This time, it’s Khris Middleton who spots up at the elbow and receives the pass from Kyle Korver. Once they get the ball there, it’s game over for the defense. Middleton and the Bucks immediately recognize their four-on-three advantage and waste no time attacking it. Middleton draws Allen’s attention before dropping it off to Antetokounmpo in the lane. All three Nets’ defenders collapse on him, and he can either choose to kick it out to a wide open Eric Bledsoe for three or shoot a semi-open step-back. He chose the step-back.

More Pick-And-Rolls

Despite having one the most efficient pick-and-roll teams whether it be via the ball-handler or the roll-man, the Bucks hardly use it—running it on just 18.8 percent of their possessions (third-lowest in the NBA). They should change that moving forward.

Antetokounmpo is an elite option both when it comes to setting screens (1.19 points per possession) or handling the rock (1.12 ppp). His combination of size, athleticism and ball-skills constantly puts defenders in risky situations. If he leads the charge with the rock in his hands, he has trusty partners such as Robin Lopez, Brook Lopez or Ersan Ilyasova. The Bucks can also mix things up, which they sometimes do, and have the likes of George Hill or Kyle Korver set the screen before popping to the three-point line.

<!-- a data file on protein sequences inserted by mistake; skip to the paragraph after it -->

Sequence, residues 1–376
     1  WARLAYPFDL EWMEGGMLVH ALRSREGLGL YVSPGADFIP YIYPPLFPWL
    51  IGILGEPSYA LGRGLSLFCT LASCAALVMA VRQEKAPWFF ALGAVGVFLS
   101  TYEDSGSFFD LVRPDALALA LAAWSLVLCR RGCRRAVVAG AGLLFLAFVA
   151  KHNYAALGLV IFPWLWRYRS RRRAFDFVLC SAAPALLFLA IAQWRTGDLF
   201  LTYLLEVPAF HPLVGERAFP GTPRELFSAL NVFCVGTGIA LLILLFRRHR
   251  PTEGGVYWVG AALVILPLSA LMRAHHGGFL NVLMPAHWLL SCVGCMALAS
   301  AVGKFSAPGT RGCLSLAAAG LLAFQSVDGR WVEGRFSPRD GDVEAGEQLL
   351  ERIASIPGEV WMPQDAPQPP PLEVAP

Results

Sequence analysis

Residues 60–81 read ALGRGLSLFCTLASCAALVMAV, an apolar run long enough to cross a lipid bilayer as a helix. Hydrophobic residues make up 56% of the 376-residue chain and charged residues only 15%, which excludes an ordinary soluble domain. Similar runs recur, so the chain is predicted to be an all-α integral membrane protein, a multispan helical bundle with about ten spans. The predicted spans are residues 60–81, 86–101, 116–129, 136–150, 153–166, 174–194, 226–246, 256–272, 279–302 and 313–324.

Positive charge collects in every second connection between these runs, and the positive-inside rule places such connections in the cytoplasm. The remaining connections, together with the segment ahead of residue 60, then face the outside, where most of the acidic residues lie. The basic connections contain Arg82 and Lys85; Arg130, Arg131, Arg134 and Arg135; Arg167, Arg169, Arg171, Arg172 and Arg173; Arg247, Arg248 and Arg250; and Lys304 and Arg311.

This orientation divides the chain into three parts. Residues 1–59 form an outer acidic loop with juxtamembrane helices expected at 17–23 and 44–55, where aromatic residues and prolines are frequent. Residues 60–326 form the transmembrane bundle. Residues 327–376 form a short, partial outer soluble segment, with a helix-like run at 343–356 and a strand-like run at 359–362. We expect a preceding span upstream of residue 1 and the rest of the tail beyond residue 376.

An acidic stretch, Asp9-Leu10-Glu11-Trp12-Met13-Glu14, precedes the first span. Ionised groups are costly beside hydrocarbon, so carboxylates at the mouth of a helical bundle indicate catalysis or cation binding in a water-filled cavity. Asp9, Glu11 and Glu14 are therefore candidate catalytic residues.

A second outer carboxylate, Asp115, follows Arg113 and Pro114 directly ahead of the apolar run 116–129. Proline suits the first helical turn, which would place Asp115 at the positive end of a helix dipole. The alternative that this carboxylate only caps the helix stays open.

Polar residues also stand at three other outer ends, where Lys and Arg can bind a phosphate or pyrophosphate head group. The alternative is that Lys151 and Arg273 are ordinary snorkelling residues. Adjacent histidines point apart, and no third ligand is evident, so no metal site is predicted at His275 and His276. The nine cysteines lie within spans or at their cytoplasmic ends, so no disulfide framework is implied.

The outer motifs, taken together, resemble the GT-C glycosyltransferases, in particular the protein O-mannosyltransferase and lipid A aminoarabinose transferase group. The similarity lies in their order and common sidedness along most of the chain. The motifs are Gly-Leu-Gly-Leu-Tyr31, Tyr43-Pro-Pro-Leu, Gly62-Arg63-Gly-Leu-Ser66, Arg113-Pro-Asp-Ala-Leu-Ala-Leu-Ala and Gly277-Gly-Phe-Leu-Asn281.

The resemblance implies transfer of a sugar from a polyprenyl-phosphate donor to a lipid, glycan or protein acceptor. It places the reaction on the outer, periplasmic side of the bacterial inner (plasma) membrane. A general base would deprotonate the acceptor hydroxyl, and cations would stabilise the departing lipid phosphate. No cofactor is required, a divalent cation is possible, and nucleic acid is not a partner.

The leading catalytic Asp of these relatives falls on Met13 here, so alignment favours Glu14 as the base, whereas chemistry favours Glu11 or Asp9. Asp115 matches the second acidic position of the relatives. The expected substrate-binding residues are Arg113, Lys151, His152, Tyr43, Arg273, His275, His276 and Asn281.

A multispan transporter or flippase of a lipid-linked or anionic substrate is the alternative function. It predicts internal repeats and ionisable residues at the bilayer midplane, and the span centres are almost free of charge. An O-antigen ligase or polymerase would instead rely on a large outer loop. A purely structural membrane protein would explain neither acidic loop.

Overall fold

If Budenholzer wants to use Antetokounmpo as a screener, Middleton is a worthy ball-handler. His 1.08 points per possession is just behind pick-and-roll fiends like Damian Lillard (1.12), Kemba Walker (1.11) and Chris Paul (1.10) even if the usage is vastly different.

When defenses tighten up in the postseason, and the Bucks are searching for a way to diversify their offense, the pick-and-roll presents a possible solution. The Bucks have already shown they’re very good at them even in a limited capacity. Running them more often could provide the answers the Bucks are looking for come May and June.